On March 1, 2013, we completed a voluntary redemption of the remaining $175.0 million of Notes outstanding at par, plus any accrued and unpaid interest. In conjunction with the redemption, the Company incurred a $0.4 million loss, which is shown as loss on debt extinguishment on the condensed consolidated statements of operations. This non-cash charge is related to the accelerated write-off of the portion of deferred debt issuance costs incurred in connection with the Notes.

2012 Lease Fleet Financing

In December, 2012, Longtrain Leasing entered into a senior secured delayed draw term loan facility (Term Loan) that is secured by a portfolio of railcars, railcar leases, the receivables associated with those railcars and leases, and certain other assets of Longtrain Leasing. The Term Loan provides for an initial draw at closing (Initial Draw) and allows for up to two additional draws. Upon closing, the Initial Draw was $98.4 million, net of fees and expenses. As of December 31, 2012, the outstanding principal balance on the Term Loan, including the current portion, was $100.0 million.

On February 27, 2013, ARI made an additional draw of $50.0 million under the Term Loan, resulting in net proceeds received of $49.8 million. After this draw, the borrowed amount was $150.0 million, resulting in availability of up to $49.8 million under the lease fleet financing, which amount is available until May 31, 2013. The capacity of the Term Loan is limited to the lesser of $199.8 million or 75% of the Net Aggregate Equipment Value, as defined in the credit agreement and matures on February 27, 2018. As of March 31, 2013, the outstanding principal balance on the Term Loan, including the current portion, was $149.7 million.

The fair value of the Term Loan was $149.7 million and $100.0 million as of March 31, 2013 and December 31, 2012, respectively, and is based upon estimates by various banks determined by trading levels on the date of measurement using a Level 2 fair value measurement as defined by U.S. GAAP under the fair value hierarchy. For definition and discussion of a Level 2 input for fair value measurement, refer to Note 3.

The Term Loan bears interest at one-month LIBOR plus 2.5%, for a rate of 2.7% as of March 31, 2013, subject to an alternative fee as set forth in the credit agreement, and is payable on the 15 th of each month (Payment Date). The interest rate increases by 2.0% following certain defaults. The Company is required to pay principal at an annual rate of 3.33% of the borrowed amount via monthly payments that are due on the Payment Date, commencing on March 15, 2013, with any remaining balance payable on the final scheduled maturity. The Term Loan may be prepaid at any time without premium or penalty, other than customary LIBOR breakage fees. The Term Loan contains restrictive covenants that limit Longtrain Leasing’s ability to, among other things, incur additional debt, issue additional equity, sell certain assets, grant certain liens on its assets, make certain restricted payments, acquisitions and investments, and enter into certain significant transactions with stockholders and affiliates. Additionally, the Term Loan requires Longtrain Leasing to comply with a Debt Service Coverage Ratio, as defined in the credit agreement, of 1.05 to 1.0, measured quarterly on a three-quarter trailing basis beginning on September 30, 2013, and subject to up to a 75 day cure period. Certain covenants, including those that restrict Longtrain Leasing’s ability to incur additional indebtedness and issue equity, become more restrictive if Longtrain Leasing’s debt service coverage ratio, as defined, is less than 1.2 to 1.0 on or after September 30, 2013.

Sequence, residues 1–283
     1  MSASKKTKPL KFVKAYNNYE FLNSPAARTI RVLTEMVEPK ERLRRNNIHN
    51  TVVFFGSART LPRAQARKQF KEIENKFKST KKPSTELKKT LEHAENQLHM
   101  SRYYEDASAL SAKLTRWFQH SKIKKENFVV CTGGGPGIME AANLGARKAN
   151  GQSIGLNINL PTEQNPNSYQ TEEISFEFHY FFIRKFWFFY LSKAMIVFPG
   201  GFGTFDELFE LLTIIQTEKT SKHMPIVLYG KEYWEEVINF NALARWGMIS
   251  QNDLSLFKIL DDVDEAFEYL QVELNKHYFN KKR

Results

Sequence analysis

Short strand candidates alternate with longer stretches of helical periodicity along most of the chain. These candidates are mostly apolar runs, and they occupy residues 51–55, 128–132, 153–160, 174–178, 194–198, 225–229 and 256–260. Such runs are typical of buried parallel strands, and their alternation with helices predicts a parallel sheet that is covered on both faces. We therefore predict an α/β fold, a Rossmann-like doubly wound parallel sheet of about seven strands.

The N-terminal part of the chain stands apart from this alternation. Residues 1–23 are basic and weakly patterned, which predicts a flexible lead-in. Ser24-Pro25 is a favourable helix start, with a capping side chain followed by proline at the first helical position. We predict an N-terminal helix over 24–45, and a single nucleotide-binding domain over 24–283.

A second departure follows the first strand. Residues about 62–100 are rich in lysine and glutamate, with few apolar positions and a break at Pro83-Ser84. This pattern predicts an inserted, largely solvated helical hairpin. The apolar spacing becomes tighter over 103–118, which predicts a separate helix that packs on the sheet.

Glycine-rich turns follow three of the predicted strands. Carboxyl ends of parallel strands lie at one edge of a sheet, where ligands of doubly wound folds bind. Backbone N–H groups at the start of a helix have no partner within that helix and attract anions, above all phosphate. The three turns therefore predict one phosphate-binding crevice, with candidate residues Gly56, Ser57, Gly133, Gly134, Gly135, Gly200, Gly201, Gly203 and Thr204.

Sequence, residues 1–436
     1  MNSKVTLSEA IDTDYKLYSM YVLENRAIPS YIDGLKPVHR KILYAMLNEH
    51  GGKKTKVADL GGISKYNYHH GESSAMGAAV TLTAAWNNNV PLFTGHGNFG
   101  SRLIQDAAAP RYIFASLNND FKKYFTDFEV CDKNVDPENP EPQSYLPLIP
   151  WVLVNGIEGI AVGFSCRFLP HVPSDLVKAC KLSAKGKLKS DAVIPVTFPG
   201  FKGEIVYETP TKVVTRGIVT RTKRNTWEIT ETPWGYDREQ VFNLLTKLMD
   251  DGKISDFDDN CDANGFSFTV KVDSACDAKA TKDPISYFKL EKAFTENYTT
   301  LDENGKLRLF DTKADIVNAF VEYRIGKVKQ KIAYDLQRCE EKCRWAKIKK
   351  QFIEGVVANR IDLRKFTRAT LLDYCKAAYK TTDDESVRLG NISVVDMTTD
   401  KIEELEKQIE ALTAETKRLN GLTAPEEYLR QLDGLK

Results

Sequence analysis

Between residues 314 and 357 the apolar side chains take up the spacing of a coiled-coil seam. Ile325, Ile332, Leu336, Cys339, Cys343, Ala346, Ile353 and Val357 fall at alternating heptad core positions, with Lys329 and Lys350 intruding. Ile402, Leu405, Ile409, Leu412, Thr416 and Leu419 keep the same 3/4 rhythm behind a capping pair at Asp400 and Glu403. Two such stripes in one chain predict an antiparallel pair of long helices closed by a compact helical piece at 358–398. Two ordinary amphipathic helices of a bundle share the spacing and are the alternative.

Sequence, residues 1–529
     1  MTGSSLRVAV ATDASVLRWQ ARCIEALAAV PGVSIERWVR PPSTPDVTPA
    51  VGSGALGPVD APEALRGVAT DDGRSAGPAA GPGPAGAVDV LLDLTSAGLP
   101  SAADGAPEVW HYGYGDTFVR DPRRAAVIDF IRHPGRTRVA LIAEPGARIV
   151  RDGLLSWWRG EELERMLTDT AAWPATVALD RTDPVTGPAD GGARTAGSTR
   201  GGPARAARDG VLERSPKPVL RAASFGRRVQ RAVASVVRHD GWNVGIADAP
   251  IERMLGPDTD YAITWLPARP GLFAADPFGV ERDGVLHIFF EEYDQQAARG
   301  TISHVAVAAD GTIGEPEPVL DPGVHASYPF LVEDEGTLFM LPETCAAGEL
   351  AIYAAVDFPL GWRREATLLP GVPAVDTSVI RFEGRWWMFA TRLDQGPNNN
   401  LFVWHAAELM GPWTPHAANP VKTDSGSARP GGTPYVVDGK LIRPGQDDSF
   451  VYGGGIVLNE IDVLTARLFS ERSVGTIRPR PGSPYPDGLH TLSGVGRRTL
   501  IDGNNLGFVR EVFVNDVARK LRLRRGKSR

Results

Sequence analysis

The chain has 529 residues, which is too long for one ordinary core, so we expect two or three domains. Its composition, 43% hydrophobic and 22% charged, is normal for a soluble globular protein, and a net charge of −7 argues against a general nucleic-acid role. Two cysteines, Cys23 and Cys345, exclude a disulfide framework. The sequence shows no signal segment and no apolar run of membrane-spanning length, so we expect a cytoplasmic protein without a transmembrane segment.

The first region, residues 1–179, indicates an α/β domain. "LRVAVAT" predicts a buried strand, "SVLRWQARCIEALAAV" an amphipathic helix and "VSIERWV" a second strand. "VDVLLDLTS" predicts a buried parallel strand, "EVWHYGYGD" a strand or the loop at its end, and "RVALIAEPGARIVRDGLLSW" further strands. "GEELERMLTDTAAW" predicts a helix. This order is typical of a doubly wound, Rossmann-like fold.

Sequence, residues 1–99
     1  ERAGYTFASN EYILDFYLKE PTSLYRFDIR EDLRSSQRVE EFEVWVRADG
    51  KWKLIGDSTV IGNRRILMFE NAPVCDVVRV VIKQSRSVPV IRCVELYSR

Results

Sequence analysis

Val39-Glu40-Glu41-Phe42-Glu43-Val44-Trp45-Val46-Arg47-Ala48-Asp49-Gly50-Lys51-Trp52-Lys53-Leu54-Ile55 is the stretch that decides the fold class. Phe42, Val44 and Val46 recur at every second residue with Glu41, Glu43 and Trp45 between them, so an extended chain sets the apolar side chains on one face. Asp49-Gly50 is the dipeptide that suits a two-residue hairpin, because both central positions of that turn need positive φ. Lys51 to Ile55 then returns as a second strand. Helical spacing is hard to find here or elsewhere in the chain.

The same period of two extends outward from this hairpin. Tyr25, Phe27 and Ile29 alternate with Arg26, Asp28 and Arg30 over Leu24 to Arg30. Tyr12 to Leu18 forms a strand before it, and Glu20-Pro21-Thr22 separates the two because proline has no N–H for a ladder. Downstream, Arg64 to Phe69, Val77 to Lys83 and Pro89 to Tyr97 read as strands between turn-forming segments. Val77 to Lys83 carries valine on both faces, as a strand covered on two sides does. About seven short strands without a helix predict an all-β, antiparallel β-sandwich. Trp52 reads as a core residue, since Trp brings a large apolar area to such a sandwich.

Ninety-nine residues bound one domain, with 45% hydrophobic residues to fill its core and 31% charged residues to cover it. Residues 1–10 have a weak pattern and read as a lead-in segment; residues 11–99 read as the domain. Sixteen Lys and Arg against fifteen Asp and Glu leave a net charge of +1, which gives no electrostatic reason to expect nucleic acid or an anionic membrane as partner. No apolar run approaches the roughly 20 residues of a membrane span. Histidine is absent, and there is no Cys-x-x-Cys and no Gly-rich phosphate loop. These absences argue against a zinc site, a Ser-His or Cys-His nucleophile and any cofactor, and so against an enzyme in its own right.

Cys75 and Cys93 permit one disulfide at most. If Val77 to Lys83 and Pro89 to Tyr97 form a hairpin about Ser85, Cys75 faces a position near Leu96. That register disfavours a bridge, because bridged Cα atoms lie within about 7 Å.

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The Term Loan also obligates Longtrain Leasing and ARI to maintain ARI’s separateness and to ensure that the collections from the railcar leases along with the railcars that secure the Term Loan are managed in accordance with the credit agreement. Additionally, ARI is obligated to make any selections of transfers of railcars, railcar leases, receivables and related assets to be conveyed to Longtrain Leasing in good faith and without any adverse selection, to cause American Railcar Leasing LLC (ARL), as the manager, to maintain, lease, and re-lease Longtrain Leasing’s equipment no less favorably than similar portfolios serviced by ARL, and to repurchase or replace railcars that are reported as Eligible Units (as defined in the credit agreement) when they are not Eligible Units, subject to limitations on liability set forth in the credit agreement. The Company was in compliance with all of its covenants under the Term Loan as of March 31, 2013.